Here, the cells that contain the data is provided first, and the second argument is the criteria. The headings are not really needed. Each cell in the first range is checked against the criteria, and if the criteria matches, the record is counted, otherwise it is ignored.

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And if you have multiple criteria to check for, you can use the COUNTIFS which can take multiple criteria arguments.

CountIFS to count cells with multiple criteria cells.
CountIFS to count cells with multiple criteria cells.

The formula in the picture captures the count of cells that are having age of >30years, and Salary less than $3000. Answer is 3.

So as you can see, there are multiple functions, and ways to count cells in Excel. It depends on whether you want to count numbers or textual data. It also depends if you have conditions or not.

Use these functions to count in multiple ways… Happy counting!

Cheers
Vinai Prakash

Are you facing any problem in using Excel? Any Question?

You have come to the right place. Tell us your needs. We’ll be glad to help you!

Top 10 Time Saving Tips in Using Microsoft Excel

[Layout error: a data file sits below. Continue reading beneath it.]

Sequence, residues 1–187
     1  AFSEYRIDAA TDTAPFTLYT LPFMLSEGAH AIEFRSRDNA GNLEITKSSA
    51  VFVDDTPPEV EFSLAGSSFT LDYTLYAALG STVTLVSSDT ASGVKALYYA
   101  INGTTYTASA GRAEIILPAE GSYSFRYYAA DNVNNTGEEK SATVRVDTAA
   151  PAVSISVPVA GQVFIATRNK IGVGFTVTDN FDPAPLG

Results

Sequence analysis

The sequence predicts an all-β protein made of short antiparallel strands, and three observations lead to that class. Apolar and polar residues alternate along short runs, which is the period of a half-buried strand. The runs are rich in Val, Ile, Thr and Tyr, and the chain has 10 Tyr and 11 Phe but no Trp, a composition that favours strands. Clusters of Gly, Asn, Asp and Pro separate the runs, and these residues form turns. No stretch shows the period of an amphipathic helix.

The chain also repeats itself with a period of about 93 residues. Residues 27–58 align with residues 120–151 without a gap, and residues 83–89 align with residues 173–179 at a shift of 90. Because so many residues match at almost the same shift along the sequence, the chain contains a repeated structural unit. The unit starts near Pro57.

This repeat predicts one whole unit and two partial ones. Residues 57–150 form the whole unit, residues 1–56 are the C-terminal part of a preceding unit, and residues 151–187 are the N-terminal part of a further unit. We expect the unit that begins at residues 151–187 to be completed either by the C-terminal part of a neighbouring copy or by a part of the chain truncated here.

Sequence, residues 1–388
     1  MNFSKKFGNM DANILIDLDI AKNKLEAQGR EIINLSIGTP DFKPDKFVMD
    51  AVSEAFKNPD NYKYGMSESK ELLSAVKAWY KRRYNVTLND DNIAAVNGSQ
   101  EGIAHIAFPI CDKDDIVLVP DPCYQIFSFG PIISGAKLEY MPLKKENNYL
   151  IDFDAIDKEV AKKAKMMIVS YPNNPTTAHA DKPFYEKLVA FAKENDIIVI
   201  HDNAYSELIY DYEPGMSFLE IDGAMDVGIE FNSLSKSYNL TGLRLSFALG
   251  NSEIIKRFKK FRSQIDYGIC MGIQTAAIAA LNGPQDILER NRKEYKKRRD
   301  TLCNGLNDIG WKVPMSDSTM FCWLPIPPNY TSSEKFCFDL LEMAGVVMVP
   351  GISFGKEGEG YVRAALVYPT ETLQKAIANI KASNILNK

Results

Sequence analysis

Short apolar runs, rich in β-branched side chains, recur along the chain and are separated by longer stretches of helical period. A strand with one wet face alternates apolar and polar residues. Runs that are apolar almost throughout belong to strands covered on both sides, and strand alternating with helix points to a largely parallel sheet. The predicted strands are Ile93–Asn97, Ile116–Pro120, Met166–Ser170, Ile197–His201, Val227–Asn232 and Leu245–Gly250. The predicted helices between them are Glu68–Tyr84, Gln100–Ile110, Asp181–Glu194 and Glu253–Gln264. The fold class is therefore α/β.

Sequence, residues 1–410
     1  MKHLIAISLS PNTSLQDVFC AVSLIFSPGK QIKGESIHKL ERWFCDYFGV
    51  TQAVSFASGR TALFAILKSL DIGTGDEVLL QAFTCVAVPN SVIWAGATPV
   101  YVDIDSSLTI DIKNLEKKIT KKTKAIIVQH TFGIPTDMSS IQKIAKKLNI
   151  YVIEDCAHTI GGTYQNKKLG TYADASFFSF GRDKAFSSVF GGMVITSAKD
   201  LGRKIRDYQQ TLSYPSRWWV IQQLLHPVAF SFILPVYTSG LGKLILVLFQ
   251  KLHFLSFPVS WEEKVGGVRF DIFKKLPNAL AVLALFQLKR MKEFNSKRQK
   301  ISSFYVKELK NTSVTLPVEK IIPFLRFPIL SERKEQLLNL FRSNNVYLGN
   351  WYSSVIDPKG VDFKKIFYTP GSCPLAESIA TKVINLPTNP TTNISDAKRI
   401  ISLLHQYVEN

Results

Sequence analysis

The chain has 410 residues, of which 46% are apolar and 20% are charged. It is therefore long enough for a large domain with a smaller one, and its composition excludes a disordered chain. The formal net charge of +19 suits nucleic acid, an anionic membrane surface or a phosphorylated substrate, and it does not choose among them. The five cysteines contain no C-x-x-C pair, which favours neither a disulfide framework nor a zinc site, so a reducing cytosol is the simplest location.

If you are a data warrior, chances are that you use Excel extensively in your day to day work.

And there are many ways to boost productivity within Excel. Use these nifty tricks and improve productivity.

1. View All Formulas in Excel With a Single Click: I wrote about this trick some time back. It allows you to view all the formula with a single click of Control + ` Key. This acts like a toggle key. This can save a lot of time in finding where are the formulas to edit/view them.

2. Clean up Your Data  – Identify the Duplicates, and Remove Duplicates: There is no point in having duplicates in your tables. There are multiple ways to do this. You can identify the duplicates, and then choose to remove them manually,  or you can request Excel to remove the duplicate rows completely, automatically.

3. Colour Alternate Rows and Make it Easier to Read Large Data Sets: Prior to Excel 2007, we used to write formulas to colour alternate rows in Excel. This makes it easier to read the data.

=MOD(ROW(),2)=0

This function would tell us if the row is an even row or an odd row, and then we could colour it.

But since Excel 2007, we can do this in multiple ways. We can convert the data into a table. And in the table options, you can then colour alternate rows or columns as bands.

And then you can also use the formula above, and use conditional formatting.

4. Learn The In-Built Functions in Excel: Many people are amazed at the plethora of in-built functions available in Excel. But you must know that they exist, and also know the syntax to make a good use of them.